By Anne Sullivan
“Sylvia!” I screeched in horror. “Did you come into the house expressly to throw up?”
“No, boss, I came in to drink some water because I wasn’t feeling good,” she answered with a feeble wag of the tail.
“Well,” I corrected. “Feeling well.”
“Out.” I opened the door. “Right now.”
“Aw, gee whiz,” Sylvia said as she stalked out.
“One more thing.” I followed her onto the porch to avoid cleaning up the mess.
“What have I done wrong now?”
“Was it necessary to bark ALL last night?”
“If a thing is worth doing, it’s worth doing well. Now, if you must put me out, kindly leave me with some paper. I’m on the fifth rewrite of Chapter One of my mystery novel and I’m almost finished.”
“You’re making good progress. That mysterious man, that editor, whoever he is, must be proud of you.”
“You think so?” Sylvia perked up, color returning to her face.
“Yes, you’ve been working very hard for the last week. I must say, I’d like to meet your mystery editor friend. Have you seen him lately?”
“Oh, yes, he comes by every day.”
“How come I’ve never seen him?”
“I couldn’t say. He always seems to drop in when you’ve gone to the Post Office.”
“Have you found out what his name is yet?”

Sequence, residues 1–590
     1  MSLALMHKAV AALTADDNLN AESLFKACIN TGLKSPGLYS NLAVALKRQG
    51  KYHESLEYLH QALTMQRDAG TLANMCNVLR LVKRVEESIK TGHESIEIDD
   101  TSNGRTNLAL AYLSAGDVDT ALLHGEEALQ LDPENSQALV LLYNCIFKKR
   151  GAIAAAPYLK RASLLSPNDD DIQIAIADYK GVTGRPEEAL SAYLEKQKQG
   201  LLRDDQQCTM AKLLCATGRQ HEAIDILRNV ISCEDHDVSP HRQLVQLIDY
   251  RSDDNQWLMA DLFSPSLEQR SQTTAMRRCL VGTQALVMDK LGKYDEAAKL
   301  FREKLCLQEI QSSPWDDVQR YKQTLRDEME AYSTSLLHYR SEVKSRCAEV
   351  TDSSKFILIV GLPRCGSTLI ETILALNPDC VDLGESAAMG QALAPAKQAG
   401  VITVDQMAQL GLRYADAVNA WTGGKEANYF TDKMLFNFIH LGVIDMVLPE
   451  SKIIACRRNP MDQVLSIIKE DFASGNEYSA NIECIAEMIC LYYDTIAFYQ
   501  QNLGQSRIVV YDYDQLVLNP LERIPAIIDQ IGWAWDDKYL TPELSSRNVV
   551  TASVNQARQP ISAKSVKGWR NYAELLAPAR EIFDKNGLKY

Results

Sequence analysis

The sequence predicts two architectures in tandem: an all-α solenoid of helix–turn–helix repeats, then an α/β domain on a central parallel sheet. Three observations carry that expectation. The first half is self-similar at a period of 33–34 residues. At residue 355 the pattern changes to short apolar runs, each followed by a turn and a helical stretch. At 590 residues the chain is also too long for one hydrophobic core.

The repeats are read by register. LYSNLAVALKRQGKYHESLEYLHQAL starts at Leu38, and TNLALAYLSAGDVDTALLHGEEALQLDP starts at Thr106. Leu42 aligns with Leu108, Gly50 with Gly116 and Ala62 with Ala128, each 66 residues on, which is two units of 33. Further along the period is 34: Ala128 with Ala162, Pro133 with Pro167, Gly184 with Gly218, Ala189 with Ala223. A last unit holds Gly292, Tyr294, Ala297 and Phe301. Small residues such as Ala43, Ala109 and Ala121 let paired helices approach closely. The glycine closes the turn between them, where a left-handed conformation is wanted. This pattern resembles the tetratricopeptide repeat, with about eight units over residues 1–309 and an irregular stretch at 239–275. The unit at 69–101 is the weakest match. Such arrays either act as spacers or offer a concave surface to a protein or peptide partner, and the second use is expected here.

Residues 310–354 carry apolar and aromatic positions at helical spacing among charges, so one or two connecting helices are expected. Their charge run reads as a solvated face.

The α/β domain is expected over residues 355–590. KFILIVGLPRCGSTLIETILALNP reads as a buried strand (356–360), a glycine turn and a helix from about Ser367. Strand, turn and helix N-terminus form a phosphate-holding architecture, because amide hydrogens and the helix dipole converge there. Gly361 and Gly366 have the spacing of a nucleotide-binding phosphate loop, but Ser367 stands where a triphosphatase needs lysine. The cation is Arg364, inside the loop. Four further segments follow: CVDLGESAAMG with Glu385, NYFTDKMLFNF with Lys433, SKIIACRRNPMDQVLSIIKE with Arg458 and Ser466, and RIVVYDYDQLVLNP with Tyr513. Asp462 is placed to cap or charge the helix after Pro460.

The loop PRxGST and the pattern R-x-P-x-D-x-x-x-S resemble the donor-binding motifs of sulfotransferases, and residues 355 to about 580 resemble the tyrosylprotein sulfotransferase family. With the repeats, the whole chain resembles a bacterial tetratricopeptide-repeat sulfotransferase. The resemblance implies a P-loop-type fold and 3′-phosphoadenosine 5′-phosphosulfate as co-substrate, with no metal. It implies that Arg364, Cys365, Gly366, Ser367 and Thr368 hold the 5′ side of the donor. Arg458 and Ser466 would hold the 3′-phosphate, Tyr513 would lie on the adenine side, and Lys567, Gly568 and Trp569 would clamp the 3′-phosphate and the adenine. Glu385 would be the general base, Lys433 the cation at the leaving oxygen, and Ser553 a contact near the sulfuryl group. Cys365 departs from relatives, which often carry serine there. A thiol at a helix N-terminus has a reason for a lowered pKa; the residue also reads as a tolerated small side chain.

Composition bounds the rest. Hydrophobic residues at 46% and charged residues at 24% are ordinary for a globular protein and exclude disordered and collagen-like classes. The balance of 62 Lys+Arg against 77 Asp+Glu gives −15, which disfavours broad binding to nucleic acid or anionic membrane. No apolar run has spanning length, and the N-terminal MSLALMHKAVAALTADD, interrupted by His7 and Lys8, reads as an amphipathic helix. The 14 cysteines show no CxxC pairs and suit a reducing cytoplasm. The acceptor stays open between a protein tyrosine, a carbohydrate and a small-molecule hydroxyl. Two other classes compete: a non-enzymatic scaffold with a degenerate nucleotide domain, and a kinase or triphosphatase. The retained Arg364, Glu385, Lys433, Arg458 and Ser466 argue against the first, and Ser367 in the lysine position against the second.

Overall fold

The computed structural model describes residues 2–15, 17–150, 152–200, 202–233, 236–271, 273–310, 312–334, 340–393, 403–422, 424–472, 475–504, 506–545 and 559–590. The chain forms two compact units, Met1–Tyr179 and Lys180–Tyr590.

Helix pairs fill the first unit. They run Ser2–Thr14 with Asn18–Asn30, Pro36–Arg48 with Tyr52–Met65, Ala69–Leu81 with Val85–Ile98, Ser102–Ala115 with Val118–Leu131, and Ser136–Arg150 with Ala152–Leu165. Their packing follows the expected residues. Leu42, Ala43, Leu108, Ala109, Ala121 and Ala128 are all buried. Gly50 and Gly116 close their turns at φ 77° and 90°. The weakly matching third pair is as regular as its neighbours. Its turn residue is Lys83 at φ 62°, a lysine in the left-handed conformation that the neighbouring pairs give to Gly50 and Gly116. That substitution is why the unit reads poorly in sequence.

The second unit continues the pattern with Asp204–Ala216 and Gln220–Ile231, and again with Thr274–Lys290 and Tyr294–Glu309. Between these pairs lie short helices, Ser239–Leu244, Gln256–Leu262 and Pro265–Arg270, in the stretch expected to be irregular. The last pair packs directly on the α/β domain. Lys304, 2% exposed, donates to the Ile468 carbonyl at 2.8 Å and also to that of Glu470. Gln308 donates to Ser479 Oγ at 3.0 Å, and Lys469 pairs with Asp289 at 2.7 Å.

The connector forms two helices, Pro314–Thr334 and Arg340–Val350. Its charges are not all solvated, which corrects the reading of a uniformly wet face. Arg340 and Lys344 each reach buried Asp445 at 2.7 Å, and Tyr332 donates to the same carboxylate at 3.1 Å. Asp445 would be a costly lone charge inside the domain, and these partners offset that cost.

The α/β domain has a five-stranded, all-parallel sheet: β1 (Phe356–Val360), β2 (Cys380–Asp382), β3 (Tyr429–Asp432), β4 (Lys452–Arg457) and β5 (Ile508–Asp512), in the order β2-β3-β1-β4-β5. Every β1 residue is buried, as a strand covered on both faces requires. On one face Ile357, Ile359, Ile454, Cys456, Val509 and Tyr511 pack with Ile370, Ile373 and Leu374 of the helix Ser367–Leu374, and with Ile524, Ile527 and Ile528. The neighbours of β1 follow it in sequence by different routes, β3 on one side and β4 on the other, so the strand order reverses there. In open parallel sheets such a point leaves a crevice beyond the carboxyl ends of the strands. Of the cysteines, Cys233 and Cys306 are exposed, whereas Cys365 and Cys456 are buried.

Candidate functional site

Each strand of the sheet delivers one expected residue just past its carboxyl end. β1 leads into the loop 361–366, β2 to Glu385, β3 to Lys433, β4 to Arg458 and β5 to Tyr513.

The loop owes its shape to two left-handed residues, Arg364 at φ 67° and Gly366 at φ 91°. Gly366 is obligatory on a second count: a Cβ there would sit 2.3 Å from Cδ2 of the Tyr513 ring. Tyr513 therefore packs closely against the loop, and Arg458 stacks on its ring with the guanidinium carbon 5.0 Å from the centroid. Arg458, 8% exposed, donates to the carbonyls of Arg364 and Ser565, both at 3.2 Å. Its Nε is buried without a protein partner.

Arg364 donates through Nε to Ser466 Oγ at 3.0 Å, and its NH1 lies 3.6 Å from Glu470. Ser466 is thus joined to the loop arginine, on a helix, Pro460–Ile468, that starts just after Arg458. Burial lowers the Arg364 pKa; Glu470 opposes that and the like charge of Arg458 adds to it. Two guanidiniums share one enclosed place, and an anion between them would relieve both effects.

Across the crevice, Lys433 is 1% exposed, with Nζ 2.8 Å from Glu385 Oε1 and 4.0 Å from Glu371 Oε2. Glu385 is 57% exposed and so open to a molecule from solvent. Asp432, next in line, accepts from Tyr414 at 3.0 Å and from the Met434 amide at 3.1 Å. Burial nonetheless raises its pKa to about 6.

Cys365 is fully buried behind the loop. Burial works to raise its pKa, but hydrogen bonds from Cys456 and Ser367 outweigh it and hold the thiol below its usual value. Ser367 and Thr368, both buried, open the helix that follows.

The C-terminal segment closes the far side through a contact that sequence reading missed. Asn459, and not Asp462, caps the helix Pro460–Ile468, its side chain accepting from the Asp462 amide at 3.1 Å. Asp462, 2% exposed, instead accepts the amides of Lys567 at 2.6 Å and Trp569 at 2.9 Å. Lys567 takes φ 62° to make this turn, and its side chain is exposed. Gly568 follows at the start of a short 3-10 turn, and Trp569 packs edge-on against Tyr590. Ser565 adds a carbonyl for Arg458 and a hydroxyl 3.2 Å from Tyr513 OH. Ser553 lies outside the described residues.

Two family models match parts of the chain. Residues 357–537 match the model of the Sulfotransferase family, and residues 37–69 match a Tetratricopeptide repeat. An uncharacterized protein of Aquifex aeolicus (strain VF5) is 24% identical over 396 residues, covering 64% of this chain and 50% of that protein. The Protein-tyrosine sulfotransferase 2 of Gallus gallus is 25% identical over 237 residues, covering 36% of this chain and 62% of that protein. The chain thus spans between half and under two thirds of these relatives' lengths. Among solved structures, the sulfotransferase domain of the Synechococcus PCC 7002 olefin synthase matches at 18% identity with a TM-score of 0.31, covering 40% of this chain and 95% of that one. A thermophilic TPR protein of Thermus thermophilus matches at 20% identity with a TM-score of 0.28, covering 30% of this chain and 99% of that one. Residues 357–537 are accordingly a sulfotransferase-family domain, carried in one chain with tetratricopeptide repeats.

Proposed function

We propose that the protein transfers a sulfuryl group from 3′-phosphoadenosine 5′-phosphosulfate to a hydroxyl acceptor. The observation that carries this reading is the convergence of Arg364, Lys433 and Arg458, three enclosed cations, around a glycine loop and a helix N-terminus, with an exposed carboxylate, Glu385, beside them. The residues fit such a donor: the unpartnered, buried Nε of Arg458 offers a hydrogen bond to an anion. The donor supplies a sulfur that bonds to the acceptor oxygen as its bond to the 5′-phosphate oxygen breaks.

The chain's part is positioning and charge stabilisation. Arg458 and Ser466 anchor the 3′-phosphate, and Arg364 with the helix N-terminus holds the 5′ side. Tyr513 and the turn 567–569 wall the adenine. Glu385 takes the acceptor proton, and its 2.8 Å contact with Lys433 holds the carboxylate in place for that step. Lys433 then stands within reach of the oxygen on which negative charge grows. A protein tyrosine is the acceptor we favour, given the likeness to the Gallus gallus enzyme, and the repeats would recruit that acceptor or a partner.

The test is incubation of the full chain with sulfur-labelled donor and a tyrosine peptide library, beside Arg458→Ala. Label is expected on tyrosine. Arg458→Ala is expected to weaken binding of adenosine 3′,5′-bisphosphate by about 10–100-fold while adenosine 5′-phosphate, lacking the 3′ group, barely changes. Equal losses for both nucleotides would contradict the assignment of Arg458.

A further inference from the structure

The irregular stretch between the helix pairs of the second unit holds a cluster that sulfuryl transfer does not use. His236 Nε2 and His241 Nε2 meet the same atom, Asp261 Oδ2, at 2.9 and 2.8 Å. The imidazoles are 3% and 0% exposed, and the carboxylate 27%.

“He said I could call him Max.”
“Max? I don’t know anybody called Max. As a matter of fact, I’ve never known anyone named Max. Does he live around here?”
“I really don’t know but I don’t think so. He doesn’t dress like anyone from here. But, guess what? He said I was beginning to understand the art of writing.”
“That must have cheered you up, Sylvia. It’s a nice compliment. Would you permit me to read the latest rewrite of your first chapter?”
“Certainly, boss. I just happen to have a copy right here in my doghouse.”
And this is what she wrote:
‘The cat and I watched as the body swung in the wind. A rope attached the body to a ponderosa branch.
“Who do you think that is?” Fatso, the Cat Detective asked.
“He has the look of a spy,” I, Veronica O’Leary, Dog Detective, answered.
“No doubt you are correct. You always are,” remarked Fatso, somewhat of a
sycophant. “But what was he doing here?”
“That’s what we must discover, my dear Fatso. From the looks of his Italian shoes, I deduce that he has something to do with the Water Grab.”
“That’s very clever, Veronica, but how can you tell?”
“Elementary, my dear Fatso. His shoes are wet. Come, we must head out to
the San Agustin Plains.”’
“That’s ever so much better, Sylvia. I really like it. Lots of action,” I interrupted.
“You haven’t finished it,” said Sylvia. “There’s much more.”
“That’s for another time. We’re out of space.”